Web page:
I hope that one of these damn "glitches" occurs again and I am going
    to disable the UAC. If that cures it, then the UAC can go to hell.
     
    eganders, Sep 26, 2008
    #5
  6. eganders

    +Bob+ Guest

    Save yourself the aggravation: shut off UAC and take ownership of the
    entire C: drive. That will solve most of the problems related to MS's
    childish, useless, and highly annoying Vista security scheme.
     
    +Bob+, Sep 26, 2008
    #6
  7. It's really sad when people don't try to understand anything or even
    take the time to understand it.

    If you listen to the two negative influences in the thread that even
    have problems taking a pi$$ in real life I suspect, you wouldn't even
    get out of your bed. :p
     
    Paul Montgumdrop, Sep 26, 2008
    #7
  8. eganders

    +Bob+ Guest

    It's even sadder when MS butt kissers try to find excuses to validate
    up some of the worst software changes in history,
     
    +Bob+, Sep 26, 2008
    #8
  9. eganders

    D. Eth Guest


    No, you twit.
    Linux ...you know ...the secure/OS non-violate has the same f-ing thing.
    You need a password/ UAC type interaction to accomplish certain functions.
    And if people just click yes all the time, linux has the same
    thing...remember password.

    You got a better idea ?
    No ?

    Of course not.
     
    D. Eth, Sep 26, 2008
    #9
  10. +Bob+ wrote:

    <snipped>

    Did I ring your bell? I don't recall ringing your bell to summons you
    for anything. Now go on back to your room, Lurch.
     
    Paul Montgumdrop, Sep 26, 2008
    #10
  11. Yes, on Linux one as to give that root admin user-id and psw to do
    anything which requires admin root privileges. And users on Linux run on
    or surf the Internet as a non-root admin user, which prevents something
    from installing itself silently on a Web site drive-by as an example. If
    something needs root admin privileges to execute, then the root
    admin/psw must be given on Linux by the user.

    As opposed to Vista with UAC enabled, the user/admin is locked down to a
    Standard user while on the Internet, the user/admin must allow or
    disallow the action at the UAC prompt or if it is a non-admin user, the
    user must give a user-id/psw at the UAC prompt to allow or disallow.

    Where is the difference? In both cases, the decision making process is
    squarely at the foot of the user to allow or disallow on Linux and Vista
    with UAC.

    I got maybe five applications I run on the machine that even require the
    UAC elevation. And I am not running those applications on a routine
    basis nor am I running around installing applications on a routine basis
    that require UAC approval.

    What I do is surf the Internet as user/admin that is really locked down
    to a Standard user, where I have a chance of being alerted if something
    dubious might be happening, and it's up to me to allow/disallow.

    I would rather do that on Vista and not surf the Internet as user/admin
    on XP or Win 2k with full admin rights where everything can install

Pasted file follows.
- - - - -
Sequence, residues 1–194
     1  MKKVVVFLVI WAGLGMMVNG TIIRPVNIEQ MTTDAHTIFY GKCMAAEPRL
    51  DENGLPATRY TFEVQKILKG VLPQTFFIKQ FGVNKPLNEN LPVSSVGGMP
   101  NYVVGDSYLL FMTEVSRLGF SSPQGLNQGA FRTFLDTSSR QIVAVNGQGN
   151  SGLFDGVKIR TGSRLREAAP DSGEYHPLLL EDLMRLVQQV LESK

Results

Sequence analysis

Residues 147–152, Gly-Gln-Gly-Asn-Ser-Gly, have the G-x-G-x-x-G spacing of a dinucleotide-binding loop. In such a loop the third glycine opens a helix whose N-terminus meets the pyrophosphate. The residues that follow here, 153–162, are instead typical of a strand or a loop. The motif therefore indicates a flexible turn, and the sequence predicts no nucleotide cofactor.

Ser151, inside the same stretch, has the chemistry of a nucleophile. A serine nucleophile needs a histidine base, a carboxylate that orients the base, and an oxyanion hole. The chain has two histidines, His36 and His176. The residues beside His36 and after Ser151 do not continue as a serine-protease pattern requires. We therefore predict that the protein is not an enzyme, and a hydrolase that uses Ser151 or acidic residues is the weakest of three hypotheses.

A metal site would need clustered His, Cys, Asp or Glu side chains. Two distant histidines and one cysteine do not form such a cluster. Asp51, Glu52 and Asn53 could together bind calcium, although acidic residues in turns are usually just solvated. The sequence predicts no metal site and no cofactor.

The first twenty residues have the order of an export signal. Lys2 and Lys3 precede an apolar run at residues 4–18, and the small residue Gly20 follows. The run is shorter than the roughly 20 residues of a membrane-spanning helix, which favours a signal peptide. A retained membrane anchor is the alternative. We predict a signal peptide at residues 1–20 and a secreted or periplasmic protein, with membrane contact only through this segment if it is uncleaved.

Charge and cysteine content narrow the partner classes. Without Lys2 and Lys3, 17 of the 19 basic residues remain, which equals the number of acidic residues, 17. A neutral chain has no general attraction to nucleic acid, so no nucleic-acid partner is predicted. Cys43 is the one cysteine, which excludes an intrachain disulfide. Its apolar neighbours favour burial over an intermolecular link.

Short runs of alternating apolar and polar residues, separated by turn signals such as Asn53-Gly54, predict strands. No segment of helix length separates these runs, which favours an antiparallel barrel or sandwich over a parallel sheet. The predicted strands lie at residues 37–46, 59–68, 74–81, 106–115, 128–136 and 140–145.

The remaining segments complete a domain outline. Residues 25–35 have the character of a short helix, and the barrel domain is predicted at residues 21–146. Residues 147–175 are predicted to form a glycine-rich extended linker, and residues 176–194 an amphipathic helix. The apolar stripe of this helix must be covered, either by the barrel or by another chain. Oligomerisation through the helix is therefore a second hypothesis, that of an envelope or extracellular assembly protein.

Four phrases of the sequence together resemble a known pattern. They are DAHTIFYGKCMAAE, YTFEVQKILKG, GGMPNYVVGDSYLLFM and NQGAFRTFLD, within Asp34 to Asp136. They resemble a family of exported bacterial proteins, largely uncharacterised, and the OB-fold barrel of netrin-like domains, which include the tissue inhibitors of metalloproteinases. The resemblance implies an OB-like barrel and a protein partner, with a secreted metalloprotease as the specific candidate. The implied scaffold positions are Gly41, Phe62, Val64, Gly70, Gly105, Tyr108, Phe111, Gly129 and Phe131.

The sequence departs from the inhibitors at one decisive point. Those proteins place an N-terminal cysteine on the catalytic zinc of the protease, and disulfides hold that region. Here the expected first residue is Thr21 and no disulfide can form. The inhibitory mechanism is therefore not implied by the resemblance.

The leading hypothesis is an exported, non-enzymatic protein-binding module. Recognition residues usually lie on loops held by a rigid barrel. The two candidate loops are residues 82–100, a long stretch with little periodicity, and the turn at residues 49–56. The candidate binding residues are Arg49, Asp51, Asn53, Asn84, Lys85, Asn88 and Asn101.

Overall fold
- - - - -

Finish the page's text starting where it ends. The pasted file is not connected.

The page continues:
itself sightly, and I wouldn't have a clue that it has happened, and
    most surf the Internet on XP and Win 2k with Full admin rights (wide
    opened).

    I have a chance to protect myself better with Vista UAC.
     
    Paul Montgumdrop, Sep 26, 2008
    #11
  12. eganders

    D. Eth Guest


    You seem to understand.
    The morons don't.
    They degrade the very fundamentals they were tossing squirrels about 2 years
    ago.
     
    D. Eth, Sep 26, 2008
    #12
  13. I know. Their hatred of MS blinds them, and they can't see. How people
    let anything control them like that is beyond me. But it can, and it
    does happen.
     
    Paul Montgumdrop, Sep 26, 2008
    #13
  14. eganders

    +Bob+ Guest

    No, unlike an uneducated putz like you who is incapable of discussing
    an issue without throwing insults "hates" a company like MS. I don't
    "hate" anyone but I do make objective evaluations of software.

    UAC is a massive global block that is poorly designed and implemented.
    Instead of building an intelligent scheme for determining what
    programs and feature changes should be allowed to run, MS put a
    massive block to stop everything and anything from happening,
    regardless of the "danger". This results in users being constantly
    bombarded with UAC messages. That then causes them to get in the habit
    of simply OKing the messages and ignoring any possible security
    benefit related or simply shutting off UAC. But, to do any less than
    shut it off is to disable the ability to get work done.

    OTOH, a properly designed UAC that only popped up when there was truly
    a danger would have none of the problems of Vista's UAC and would
    actually increase security. MS took the cheap way out and it shows.

    Likewise, their file/directory protection scheme consists of globally
    prohibiting users from accessing anything but their specified user
    areas. This again results in repeated issues with file protection.
    Instead of adopting a proper file and directory protection scheme,
    they again chose a global block.

    Again, the only reasonable solution for anyone but a neophyte user is
    to disable it so that they can actually get work done and customize
    their system as needed. Once again, MS took the cheap way out and it
    shows.

    The root of the problem is that MS still doesn't have a proper system
    architecture or security structure in place. Years after the promises
    of NT providing a proper architecture, application and system software
    continues to mix in system directories. Programs and processes
    continue to have access to the core operating system when they should
    be shut down at the gate.

    *That's* what's wrong with Vista security and at MS. A *real* security